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  • Writer's picturebidyut gogoi

What It's Like to Become a NASA Astronaut: 5 Surprising Facts

Being an astronaut is a tremendous commitment. Astronaut candidates — who tend to be selected in their 30s and 40s — usually leave prestigious careers for a chance at being an astronaut, starting again at the bottom of the rung.

Training means long days at work and lots of travel. There's also no guarantee they'll make it into space.

Yet, more than 18,000 Americans competed in this round of NASA's astronaut selection. The new candidates will be announced Wednesday (June 7), and will report for basic training in August. Here's what it takes to be a NASA astronaut and what happens after the selection.

Astronaut requirements

To be an astronaut, you must meet rigorous criteria set by NASA. On addition to requiring excellent physical fitness, the job also requires the technological know-how to handle challenging tasks in a spaceship or on a space station distant from your place of residence.

A bachelor's degree in engineering, biology, physical science, computer science, or mathematics is the minimum prerequisite for the agency, followed by three years of professional experience (or 1,000 hours of pilot-in-command time in jet aircraft).

Candidates must also pass the astronaut physical examination conducted by NASA. However, there are a variety of additional abilities that might help with selection, including proficiency in foreign languages, wilderness survival, scuba diving, and leadership (especially Russian, which all astronauts are required to learn today.)

What an astronaut "class" looks like

Since the initial set of seven astronauts that were chosen for the Mercury programme in 1959, NASA has picked 22 different "classes" of astronauts. Since then, the space programme has expanded and undergone substantial development. The military, particularly test pilots, was used to recruit the majority of the first few batches of astronauts because they were seen as being capable of surviving the tremendous perils of space. But as NASA's mission advanced, a wider range of expertise was required.

Harrison J. Schmitt, the sole geologist to walk on the moon, was part of the fourth class of astronauts, nicknamed as "The Scientists," in 1969. (during Apollo 17).

The vehicles they will use

The new astronaut class may anticipate a wide range of vehicles. Today, astronauts utilise the Russian Soyuz spacecraft to travel to the International Space Station, which serves as the primary testing ground for extended space travel. However, NASA aims to once more depart from low-Earth orbit in the upcoming years in order to launch missions to the moon and Mars. If this happens, the new class of astronauts will go through deep space aboard the Orion spacecraft.

Once the new class of commercial spacecraft is complete, the new astronauts will be able to launch from American soil. For NASA's commercial crew programme, which is anticipated to begin in earnest by the end of the decade, both SpaceX and Boeing are building spaceships.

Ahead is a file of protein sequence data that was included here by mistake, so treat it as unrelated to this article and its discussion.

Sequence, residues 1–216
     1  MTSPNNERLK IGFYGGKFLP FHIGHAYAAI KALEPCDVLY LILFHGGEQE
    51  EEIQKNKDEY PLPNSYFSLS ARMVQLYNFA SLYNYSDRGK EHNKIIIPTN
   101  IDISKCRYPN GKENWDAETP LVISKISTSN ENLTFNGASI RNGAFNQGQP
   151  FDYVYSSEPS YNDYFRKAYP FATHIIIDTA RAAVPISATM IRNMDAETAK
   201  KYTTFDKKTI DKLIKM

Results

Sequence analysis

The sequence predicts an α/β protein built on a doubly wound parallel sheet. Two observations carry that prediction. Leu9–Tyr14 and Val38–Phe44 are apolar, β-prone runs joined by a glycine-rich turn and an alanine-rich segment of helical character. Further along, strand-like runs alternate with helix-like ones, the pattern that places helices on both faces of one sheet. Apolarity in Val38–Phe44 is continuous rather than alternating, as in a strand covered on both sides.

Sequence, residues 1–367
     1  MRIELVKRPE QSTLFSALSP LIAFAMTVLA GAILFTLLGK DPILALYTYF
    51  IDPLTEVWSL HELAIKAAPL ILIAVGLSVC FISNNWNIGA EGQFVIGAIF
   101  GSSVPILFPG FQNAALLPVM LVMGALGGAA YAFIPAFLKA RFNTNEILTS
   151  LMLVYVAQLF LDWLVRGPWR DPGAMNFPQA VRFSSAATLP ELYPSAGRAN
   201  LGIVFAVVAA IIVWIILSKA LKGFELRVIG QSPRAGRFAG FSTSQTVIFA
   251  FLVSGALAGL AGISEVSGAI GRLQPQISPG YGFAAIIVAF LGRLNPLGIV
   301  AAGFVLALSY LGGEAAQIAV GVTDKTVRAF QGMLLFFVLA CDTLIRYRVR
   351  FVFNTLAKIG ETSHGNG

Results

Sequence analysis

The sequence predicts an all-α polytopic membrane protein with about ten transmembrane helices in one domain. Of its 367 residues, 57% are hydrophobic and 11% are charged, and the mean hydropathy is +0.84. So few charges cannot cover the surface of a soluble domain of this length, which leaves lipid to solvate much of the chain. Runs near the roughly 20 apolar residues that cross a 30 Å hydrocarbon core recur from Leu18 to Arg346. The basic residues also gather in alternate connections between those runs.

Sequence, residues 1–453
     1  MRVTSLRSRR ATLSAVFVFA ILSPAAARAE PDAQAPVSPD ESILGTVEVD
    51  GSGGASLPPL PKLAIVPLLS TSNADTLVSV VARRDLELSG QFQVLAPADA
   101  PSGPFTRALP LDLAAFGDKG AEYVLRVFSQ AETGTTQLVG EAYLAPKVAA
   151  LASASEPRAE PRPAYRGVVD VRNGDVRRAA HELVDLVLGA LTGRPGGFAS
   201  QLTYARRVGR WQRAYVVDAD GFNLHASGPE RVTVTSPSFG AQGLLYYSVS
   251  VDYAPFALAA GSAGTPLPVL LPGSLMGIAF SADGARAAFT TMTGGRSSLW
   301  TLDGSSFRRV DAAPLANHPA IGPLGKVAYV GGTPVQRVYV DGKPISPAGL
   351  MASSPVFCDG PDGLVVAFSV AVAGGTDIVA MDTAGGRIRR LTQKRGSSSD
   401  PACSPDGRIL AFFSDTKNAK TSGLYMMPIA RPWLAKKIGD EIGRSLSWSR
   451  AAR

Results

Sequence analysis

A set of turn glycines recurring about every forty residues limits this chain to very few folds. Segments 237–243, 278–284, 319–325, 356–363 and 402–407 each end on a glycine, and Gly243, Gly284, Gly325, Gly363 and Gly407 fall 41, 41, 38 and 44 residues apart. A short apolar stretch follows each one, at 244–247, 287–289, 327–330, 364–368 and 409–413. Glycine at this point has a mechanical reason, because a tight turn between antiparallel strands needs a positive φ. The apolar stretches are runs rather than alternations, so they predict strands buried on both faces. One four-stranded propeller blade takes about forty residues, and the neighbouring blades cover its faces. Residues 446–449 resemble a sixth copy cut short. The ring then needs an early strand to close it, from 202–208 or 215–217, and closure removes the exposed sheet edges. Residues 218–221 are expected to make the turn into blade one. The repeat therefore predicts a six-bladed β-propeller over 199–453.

Where the new astronauts will go

The first flight of the new astronauts' careers may be to the International Space Station, or it might be beyond. It all relies on the direction that US space policy takes over the next few years and the initiatives that NASA gets involved in. The space station is expected to be operational until 2024, however it may remain operational until 2028 or longer.

Others are less clear, but NASA has a few concepts in mind. The organisation is putting its Orion spacecraft through testing ahead of its anticipated 2019 unmanned voyage past the moon. (The agency thought about boarding astronauts but opted against it owing to the added technological complexity.) The 2020s and beyond would then see Orion transporting people to

Passing the selection process

This round, a record 18,353 applications came in for just a handful of NASA spots. At first, human resources personnel reviewed each application to see if it met basic qualifications. Every application that qualified was then reviewed by a panel — the Astronaut Rating Panel. The rating panel is comprised of about 50 people, mostly current astronauts. The panel decided on a few hundred of the most highly qualified candidates, and then did reference checks on each candidate.

That step narrowed down the candidates to just 120 people. A smaller group, the Astronaut Selection Board, then called in these candidates for interviews and medical screening. After that, the top 50 candidates underwent a second round of interviews and more medical screenings. The final astronaut candidates will be selected from this group of 50 people.

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